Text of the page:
Local Nature Recovery Strategy

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What a Local Nature Recovery Strategy is

Residents' workshops

Join our residents' workshops to discuss how we could we make space for nature in your area

We're holding workshops across Leicestershire, Leicester and Rutland for residents to join and share your ideas on what people and neighbourhoods would like to see happen in the area.

  • find out more about opportunities for nature recovery in their area
  • share their views on the proposed actions
  • make suggestions for additional ways to help make space for nature
  • share thoughts about priority species and habitats.

No need to register - just turn up! Tea and coffee will be provided.

If you have any questions, or would like to advise any special access or other requirements, please contact our event organiser* at event@truemanchange.co.uk

Event details
Details of each event
Area, date and time Location
Oadby and Wigston (TBC) TBC
Leicester (TBC) TBC
Rutland (Wednesday 17 July, 10am - 12pm) Rutland Council Chamber, Rutland County Council, Catmose, Oakham, Rutland LE15 6HP

* Trueman Change are independent facilitators supporting local councils on this work

making space for nature logo

Local Nature Recovery Strategies (LNRSs) are a new mandatory system of strategies under the Environment Act 2021 that apply to certain

geographical areas, ensuring that opportunities to recover nature are joined-up.

They are primarily aimed at landowners, farmers, local authorities and environmental groups and will: 

  • map the most valuable existing areas for nature 
  • establish priorities, and  
  • map proposals for specific actions to drive nature’s recovery and wider environmental benefits. 

The strategies do not force the owners and managers of the land identified to make any changes. Instead, the Government is encouraging action through, for example, opportunities for funding and investment. 

The LNRS will go further than other policies already at play in Leicestershire, Leicester and Rutland by bringing together landscape scale, multifaceted approaches focused on preserving, conserving and enhancing nature and meeting other environmental objectives such as climate change, flood mitigation and improved air and water quality.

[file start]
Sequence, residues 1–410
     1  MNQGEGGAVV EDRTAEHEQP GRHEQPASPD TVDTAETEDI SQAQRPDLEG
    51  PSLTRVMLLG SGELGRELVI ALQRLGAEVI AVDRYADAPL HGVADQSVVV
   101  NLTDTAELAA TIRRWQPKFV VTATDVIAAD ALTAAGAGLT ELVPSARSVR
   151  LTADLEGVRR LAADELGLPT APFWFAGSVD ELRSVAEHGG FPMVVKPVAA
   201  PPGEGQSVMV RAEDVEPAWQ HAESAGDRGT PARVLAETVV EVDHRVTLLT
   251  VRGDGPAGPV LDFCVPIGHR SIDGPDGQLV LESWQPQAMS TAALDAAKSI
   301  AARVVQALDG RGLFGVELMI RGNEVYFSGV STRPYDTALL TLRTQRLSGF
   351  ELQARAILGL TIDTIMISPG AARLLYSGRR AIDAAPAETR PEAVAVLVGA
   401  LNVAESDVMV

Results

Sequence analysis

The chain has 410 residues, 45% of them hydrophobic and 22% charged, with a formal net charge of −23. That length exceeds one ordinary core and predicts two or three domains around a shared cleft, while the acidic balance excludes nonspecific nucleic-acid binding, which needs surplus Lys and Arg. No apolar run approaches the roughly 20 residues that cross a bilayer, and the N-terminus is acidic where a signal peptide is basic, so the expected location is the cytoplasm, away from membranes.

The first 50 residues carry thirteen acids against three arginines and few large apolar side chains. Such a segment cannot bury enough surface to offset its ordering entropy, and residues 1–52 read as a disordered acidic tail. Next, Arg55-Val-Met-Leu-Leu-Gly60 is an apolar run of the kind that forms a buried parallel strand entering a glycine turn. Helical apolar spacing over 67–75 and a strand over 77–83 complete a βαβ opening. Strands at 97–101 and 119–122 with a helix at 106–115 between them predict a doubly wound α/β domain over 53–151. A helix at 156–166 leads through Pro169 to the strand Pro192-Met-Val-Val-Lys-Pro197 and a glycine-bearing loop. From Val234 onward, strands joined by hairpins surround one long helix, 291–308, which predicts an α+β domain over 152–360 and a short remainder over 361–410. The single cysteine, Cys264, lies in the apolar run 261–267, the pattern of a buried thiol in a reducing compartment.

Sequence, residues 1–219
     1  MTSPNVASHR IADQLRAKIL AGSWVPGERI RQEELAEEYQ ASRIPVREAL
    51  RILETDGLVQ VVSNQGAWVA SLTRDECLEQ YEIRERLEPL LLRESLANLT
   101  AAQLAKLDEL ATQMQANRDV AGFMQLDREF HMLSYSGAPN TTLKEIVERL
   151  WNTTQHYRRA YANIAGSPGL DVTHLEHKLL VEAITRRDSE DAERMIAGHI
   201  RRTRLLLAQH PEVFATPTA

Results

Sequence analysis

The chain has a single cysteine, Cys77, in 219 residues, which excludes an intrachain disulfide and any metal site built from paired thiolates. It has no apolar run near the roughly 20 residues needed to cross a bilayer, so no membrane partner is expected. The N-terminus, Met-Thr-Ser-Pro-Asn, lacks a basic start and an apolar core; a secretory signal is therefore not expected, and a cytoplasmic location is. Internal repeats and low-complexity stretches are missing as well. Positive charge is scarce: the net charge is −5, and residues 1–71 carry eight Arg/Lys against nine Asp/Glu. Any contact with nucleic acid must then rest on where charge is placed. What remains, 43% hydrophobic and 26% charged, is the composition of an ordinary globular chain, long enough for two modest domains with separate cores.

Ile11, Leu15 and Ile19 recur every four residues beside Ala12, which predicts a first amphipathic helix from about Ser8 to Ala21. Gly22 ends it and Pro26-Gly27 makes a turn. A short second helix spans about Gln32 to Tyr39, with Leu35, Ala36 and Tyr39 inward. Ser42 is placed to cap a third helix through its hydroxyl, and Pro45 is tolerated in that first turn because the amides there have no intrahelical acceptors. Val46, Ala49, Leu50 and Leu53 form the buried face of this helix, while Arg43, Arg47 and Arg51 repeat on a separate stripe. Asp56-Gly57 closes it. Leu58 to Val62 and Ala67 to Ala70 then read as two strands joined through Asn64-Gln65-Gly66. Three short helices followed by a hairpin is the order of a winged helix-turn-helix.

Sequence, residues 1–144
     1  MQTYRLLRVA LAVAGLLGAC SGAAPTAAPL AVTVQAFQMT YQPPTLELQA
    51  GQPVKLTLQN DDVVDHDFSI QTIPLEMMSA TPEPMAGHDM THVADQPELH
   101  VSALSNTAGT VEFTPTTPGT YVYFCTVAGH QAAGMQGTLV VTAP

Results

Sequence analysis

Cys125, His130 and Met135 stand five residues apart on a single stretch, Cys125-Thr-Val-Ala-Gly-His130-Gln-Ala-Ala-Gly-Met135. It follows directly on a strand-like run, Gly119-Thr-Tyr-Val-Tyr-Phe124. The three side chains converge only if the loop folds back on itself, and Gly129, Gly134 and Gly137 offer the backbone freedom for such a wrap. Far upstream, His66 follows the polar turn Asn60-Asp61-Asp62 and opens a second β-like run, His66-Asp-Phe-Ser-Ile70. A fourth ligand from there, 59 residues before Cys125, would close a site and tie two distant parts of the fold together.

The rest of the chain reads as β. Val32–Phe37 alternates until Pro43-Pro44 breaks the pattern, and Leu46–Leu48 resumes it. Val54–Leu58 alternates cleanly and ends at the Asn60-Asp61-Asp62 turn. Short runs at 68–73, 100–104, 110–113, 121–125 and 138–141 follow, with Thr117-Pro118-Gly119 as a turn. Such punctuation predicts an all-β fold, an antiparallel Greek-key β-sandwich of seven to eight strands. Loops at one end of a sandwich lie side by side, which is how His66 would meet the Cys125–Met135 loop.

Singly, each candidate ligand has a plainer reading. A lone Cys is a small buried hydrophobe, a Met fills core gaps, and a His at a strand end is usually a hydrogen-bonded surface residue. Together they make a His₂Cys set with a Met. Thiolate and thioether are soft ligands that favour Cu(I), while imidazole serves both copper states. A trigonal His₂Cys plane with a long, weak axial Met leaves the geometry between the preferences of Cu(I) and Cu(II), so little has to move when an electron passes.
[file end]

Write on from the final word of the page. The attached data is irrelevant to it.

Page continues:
Watch a video produced by the Department for Environment Food and Rural Affairs (Defra) to find out more about the Local Nature Recovery Strategy

Why we need a LNRS

It is needed now because we are in an ecological and climate emergency and need to work together as communities to deal with the problems and impacts of global warming and the loss of species and habitats.

The Earth's biological resources such as plants, animals, soils and clean water, are vital to humanity's economic and social development. As a result, there is a growing recognition that biological diversity is a global asset of tremendous value to present and future generations.

Across the Leicestershire, Leicester and Rutland local nature recovery strategy area, less than 1% of the area has a high biodiversity score. Also approximately only 6% of the area is covered by woodland, compared to the national average of 13%. See the Biodiversity quality assessment report for further information:

The area suffers from surface water flooding, pockets of poor air quality, poor quality soils, mineral exploitation and pests and diseases. If we can recover habitats, we can tackle these problems, and help future generations to have work, food, health and happiness. 

The impact of not doing anything to look after nature can and will be seen in things such as higher deaths and illness from heat exposure and the consequences of flooding, poor air quality, reductions in the supply of quality food, inadequate access to nature and the outdoors, and poorer quality places to live and work.  

Benefits of the LNRS

Action to recover nature results in healthier and thriving ecosystems. An ecosystem is a geographic area where plants, animals, and other organisms, as well as weather and landscape, work together to form a bubble of life.

The benefits include:

  • cleaner water for drinking and bathing  
  • cleaner air for us to breathe
  • healthier soils for growing food and other products such as timber, biofuels and other products we need everyday  
  • conservation of minerals and geodiversity for future generations to utilise and learn from 
  • a variety of biodiversity that also helps us pollinate our food, manage pests and disease as well as providing the health and well-being benefits of interacting with nature and the world around us. 

It will also strengthen local ambitions on climate change and flood risk management. This will be by guiding nature-based approaches to carbon removal and storage and flood prevention.

It will guide local planning policy initiatives, including Biodiversity Net Gain (BNG) by informing the delivery of biodiversity offsetting. It will also help the area to attract future funding for environmental improvement and growth.

Further reading